What makes us distinctively Baptist is that we believe in salvation by profession of faith in Christ as the one and only and the need for forgiveness, and it is an act of grace, and we cannot work ourselves to heaven, and lastly, we believe in following Christ in believer's baptism as an outward witness of an inward change....THAT is what makes us Baptist.

And being outside our church, it would be hard for you to know that even if this proposal were to be brought back before our body and adopted, those who then join our body who have not been immersed will be instructed in its biblical nature and encouraged to do so.

I know this is long, but it is easy to sit outside something and look in and make decisions regarding it or the church, but I humbly request as a sister in Christ that no more labels be applied to our church body or pastor and I kindly and respectfully ask that you remember another Baptist distinctive...the autonomy of the local body...we have before us something our elders believe is not inline Biblically and our church body ought to be allowed to vote on that without outside intrusion and our church being tried "in the court of denominational opinion".

So, please lift our pastors in prayer, please lift our elders in prayer, and please lift our body of believers in prayer. We are seeking to glorify our Lord and Savior Jesus Christ. He is whom we serve.


A co-laborer in Christ

Jeffrey T. Riddle said...


First, on the football field, sorry you guys lost your qb for next season.

Now, on to more important things. Church matters. Yes, I am not a member or your church, so my observations are those of an outsider. To be honest I had not heard of your church until reading of the baptism controversy on Baptist Press. Since then I have looked at your website and I did notice Mark Dever cites your church in his booklet "By Whose Authority? Elders in Baptist Life" as a large SBC church (over 2,800 in attendance in a $23 million building) with elders. As I noted in my post I was impressed with the theological thought put into the documents posted on baptism by your elders. They are no more "liberal" than is John Piper, who has influenced them. I did not call them "liberal" or say they were in the CBF. My point was that it should bring them pause that the decision on "open membership" they are advocating is one that is being rapidly accepted by clearly liberal-moderate-cbf churches. I also have a personal interest in this topic, since I did a paper at ETS on Piper's baptism-membership theology.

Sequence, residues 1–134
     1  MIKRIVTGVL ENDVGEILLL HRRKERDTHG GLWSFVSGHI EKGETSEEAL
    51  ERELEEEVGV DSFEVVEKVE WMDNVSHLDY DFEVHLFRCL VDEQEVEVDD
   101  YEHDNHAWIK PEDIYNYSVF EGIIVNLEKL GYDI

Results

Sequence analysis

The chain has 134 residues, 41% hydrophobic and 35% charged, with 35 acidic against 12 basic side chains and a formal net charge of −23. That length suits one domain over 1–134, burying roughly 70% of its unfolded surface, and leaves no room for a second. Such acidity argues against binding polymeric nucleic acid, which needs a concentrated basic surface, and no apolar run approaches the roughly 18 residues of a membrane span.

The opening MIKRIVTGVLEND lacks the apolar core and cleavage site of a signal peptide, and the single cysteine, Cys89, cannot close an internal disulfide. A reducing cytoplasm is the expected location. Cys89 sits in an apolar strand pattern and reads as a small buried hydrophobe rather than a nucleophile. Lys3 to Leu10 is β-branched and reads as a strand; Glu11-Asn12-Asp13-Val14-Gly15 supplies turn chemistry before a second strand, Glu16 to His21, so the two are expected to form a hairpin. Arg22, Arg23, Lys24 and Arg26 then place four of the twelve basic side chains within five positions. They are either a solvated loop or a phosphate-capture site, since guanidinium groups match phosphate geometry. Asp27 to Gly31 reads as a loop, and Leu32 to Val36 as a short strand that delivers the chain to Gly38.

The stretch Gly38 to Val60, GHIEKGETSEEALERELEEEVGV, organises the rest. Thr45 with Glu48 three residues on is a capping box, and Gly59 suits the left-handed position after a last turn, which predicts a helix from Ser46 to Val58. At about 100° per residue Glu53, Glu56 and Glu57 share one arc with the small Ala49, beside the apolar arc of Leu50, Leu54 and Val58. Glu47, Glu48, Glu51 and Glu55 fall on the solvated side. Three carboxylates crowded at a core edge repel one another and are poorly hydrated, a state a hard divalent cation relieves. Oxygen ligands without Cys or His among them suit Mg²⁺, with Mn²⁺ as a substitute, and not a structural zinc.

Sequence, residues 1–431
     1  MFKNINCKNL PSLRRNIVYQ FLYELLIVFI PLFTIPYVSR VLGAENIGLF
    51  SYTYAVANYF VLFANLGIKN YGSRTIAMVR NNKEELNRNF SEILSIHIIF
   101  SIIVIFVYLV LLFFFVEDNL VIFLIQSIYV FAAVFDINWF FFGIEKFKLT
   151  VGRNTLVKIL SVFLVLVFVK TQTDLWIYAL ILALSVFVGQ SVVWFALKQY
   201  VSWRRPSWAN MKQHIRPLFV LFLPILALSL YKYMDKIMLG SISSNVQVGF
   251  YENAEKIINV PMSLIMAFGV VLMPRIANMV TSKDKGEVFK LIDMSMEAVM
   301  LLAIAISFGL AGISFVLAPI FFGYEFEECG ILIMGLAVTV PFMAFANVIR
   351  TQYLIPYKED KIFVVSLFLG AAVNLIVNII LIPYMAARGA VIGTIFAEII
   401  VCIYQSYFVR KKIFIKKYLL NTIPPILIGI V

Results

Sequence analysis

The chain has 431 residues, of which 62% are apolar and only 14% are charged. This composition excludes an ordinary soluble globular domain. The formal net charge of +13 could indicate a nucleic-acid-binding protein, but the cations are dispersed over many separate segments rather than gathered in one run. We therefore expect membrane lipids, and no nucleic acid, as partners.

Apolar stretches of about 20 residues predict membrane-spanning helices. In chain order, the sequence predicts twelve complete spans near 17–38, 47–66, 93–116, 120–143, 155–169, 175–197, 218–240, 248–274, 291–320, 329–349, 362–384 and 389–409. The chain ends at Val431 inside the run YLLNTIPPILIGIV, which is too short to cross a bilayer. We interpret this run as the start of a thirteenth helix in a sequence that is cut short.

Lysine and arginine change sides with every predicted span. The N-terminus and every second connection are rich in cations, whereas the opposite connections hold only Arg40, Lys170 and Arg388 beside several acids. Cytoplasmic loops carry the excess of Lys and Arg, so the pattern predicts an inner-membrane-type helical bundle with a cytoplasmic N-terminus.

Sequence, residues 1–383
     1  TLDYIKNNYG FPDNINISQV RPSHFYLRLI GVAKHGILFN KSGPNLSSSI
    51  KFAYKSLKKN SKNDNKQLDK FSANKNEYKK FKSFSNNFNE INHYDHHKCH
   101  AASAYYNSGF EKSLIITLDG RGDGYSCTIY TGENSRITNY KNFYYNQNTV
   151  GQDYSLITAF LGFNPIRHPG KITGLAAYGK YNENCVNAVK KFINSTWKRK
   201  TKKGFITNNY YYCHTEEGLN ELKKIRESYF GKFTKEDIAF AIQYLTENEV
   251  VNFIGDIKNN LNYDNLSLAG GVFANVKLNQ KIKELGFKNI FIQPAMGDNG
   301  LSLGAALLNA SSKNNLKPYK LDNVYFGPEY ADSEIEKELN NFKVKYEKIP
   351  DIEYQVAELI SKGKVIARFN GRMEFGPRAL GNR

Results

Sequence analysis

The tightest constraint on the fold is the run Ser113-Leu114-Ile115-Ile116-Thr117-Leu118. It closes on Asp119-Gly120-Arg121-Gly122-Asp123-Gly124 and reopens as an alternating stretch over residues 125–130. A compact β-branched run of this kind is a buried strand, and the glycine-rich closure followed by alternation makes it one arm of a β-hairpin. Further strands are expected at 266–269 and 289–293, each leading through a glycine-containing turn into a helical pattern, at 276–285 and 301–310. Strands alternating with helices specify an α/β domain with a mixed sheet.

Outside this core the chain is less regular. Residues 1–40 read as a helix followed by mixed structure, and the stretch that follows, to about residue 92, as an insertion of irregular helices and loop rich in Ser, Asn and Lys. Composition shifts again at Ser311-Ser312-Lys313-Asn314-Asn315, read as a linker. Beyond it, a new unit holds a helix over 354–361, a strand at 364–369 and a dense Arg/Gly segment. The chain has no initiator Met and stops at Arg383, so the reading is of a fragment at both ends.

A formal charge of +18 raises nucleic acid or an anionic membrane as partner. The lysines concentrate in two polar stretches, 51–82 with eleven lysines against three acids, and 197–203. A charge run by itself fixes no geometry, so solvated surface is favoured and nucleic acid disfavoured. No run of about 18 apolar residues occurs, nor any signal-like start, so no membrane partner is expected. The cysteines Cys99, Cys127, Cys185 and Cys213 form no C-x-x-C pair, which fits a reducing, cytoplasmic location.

Obviously, your elders feel the change they are advocating is not just appropriate for your church, but it is the NT approach. Granted, though it would be wrong for me, as a non-member of HHBC, to try to do something like rally your members to oppose this action, it is not wrong for me, and others, to reflect on whether or not this move is Biblical and correct not just for your church but for any (Baptist) church. Your church has the autonomy to decide what it wants. But other churches also have the freedom to weigh and decide whether we agree with what you do. Individual church autonomy is not an escape from accountability among churches. Like it or not the argument that no one outside your church can question your church's actions is parallel to ABC-USA and CBF churches that refuse to discipline and disassociate from "Welcoming and Affirming" churches because they do not want to violate their "autonomy." In fact, as a fellow SBC church, your church's decisions do affect mine. What if an infant baptized person were accepted into membership in your church and then moved to C-ville, Va and asked to transfer to our church. Would he look at us puzzled when we tell him that beliver's baptism by immersion is a prerequisite to church membership here? There is an important issue here of confessional agreement on the doctrine and practice of baptism. This is why other Baptists have taken note.

I agree with you that baptism should not be pressed merely as a hoop one should jump through to gain membership in a Baptist church. It should be a conviction that this is what Scripure teaches! Every new member candidate should be examined as to his previous Christian experience (whether he used to be a pagan, a Nazarene, or a Presbyterian).

Two other quick responses:

1. You say you "have been a SB since the age of 2." Indeed, you may have been in a SBC church since the age of 2--I have been in a SB church since 9 months before I was born and I was sitting in the pew in my mother's womb!--but, I'm sure you will agree that you did not become a SB until after some later time when you were converted, professed faith in Jesus, were baptized, and were accepted into a SB church membership.